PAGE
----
It grows at an altitude of 1,400 to 2,100 m, a, s, l. Also written as Djimmah, coffees from this region are the best when washed and can acquire a medicinal flavor if processed naturally. Ethiopia is the birthplace of coffee and has some of the most dynamic flavors you'll find anywhere in the world. There are between 6 and 10 thousand different types of Ethiopian coffee, but they are generally distinguished by their region, altitude and tasting score rather than by type.

Since its discovery, it has gradually become Ethiopia's largest export and has remained so through major governmental changes and social upheavals. To this day, 60% of Ethiopia's exports are coffee. For hundreds of years, Ethiopia has provided some of the world's best-rated premium single-origin coffee beans. In general, Ethiopian coffees are best known for their complexity, with a spicy, wine-growing quality and a distinctive wild acidity.

In general, consumers want to buy from a supplier who can roast freshly brewed coffee and order whole beans. What motivated me when I first tried African coffee beans was that the coffee didn't taste like coffee at all. Coffee plants grow wild at appropriate altitudes, which explains the diversity in coffee flavor profiles. Home to sun-dried and washed coffees, the Sidamo region presents a wide variety of coffee flavors.

Most coffees in Ethiopia are processed naturally, which means they are dried with the cherry fruit still attached to the coffee bean. The Ethiopian nomadic mountain peoples of the Galla tribe collected the coffee beans, ground them and mixed them with animal fat, forming nutritious energy balls that served to sustain them during long journeys. Sidamo coffees are known for their richness, full body, vibrant acidity and floral and citrus notes. Because of the altitude, SHG coffees grow more slowly, allowing more nutrients to be delivered to the coffee beans.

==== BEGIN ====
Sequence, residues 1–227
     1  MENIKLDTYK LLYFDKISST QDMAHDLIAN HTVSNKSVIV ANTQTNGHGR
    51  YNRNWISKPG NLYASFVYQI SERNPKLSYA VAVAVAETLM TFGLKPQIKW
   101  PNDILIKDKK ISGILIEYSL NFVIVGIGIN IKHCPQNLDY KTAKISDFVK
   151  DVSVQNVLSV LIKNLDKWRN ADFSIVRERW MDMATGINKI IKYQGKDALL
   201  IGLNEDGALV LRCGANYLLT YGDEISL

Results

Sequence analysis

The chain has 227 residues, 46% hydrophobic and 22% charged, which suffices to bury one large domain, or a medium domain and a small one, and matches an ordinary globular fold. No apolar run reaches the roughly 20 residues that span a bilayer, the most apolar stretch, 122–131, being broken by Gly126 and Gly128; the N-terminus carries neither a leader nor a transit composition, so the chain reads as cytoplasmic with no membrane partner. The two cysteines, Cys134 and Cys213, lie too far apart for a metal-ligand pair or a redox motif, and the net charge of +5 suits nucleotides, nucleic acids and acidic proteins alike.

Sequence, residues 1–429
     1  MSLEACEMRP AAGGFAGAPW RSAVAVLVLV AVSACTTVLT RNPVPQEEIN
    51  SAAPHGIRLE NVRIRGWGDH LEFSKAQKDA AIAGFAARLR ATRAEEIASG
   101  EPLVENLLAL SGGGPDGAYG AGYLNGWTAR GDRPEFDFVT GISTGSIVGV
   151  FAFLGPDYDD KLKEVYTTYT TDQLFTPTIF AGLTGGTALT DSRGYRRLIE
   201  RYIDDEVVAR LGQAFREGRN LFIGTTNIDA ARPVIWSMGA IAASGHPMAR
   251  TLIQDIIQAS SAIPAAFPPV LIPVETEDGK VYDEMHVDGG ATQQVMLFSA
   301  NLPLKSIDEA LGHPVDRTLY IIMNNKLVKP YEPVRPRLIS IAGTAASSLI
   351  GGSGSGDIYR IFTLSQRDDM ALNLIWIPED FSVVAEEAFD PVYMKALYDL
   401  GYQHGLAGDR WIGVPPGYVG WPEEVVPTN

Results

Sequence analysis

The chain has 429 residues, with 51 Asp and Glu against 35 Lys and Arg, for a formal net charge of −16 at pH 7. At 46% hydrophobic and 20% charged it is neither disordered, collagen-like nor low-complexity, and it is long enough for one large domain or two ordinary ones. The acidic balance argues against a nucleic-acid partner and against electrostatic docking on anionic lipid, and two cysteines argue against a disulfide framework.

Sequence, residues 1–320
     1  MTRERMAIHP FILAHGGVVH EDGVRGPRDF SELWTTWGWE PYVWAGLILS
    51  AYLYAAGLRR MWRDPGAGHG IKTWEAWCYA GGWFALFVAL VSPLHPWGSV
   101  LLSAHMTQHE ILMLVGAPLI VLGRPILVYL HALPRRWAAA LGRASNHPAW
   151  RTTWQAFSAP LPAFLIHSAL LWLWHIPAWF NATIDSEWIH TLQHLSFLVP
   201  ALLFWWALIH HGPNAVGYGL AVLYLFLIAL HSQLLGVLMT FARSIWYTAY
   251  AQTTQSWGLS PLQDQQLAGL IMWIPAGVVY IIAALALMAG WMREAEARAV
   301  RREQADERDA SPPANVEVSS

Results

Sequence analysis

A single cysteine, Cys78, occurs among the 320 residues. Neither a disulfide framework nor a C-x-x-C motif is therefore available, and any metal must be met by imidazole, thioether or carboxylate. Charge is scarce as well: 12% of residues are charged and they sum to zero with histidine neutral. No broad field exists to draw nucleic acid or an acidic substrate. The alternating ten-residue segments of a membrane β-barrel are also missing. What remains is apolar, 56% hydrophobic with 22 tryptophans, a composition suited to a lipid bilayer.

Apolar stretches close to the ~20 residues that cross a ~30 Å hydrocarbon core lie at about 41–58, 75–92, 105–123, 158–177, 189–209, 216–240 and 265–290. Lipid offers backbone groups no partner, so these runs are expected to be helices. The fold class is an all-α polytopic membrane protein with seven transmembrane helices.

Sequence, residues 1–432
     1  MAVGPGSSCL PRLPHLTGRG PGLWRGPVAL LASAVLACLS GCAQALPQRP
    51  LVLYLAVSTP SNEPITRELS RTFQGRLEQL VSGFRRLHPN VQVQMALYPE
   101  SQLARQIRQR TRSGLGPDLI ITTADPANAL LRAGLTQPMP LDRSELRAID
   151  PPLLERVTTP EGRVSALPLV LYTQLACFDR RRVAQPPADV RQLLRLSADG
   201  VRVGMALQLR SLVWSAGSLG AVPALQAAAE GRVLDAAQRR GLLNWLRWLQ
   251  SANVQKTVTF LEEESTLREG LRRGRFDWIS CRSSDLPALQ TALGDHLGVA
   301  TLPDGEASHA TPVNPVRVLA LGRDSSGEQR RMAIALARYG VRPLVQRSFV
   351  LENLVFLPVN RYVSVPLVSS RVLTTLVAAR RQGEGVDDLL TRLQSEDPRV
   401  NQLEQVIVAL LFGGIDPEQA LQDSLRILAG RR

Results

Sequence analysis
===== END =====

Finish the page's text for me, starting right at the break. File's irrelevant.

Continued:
Ethiopia's Harrar region is located in the eastern highlands and is home to some of the oldest coffee beans still grown. The western region of Ethiopia produces Ghimbi coffee beans that are distinguished by their rich and sharp acidity and the complexity of flavors and aromas. At these elevations, the growth rate slows down, allowing coffee to absorb more nutrients, creating a stronger and brighter palate. This region around the equator is endowed with mild temperatures and lots of rain, the optimal climate for growing coffee.

They are lighter and drier on the palate than naturally processed coffees and have an almost tea-like delicacy. Arabica has its origin in Ethiopia and is believed to be the first coffee species to be grown. In fact, few countries show the wide range of different flavor profiles that Ethiopian coffee has, which is a testament to its coffee culture. .

.

Patrick Draper
Patrick Draper

Total bacon practitioner. Proud coffee expert. Freelance internet maven. Zombie scholar. General bacon specialist. Devoted coffee junkie.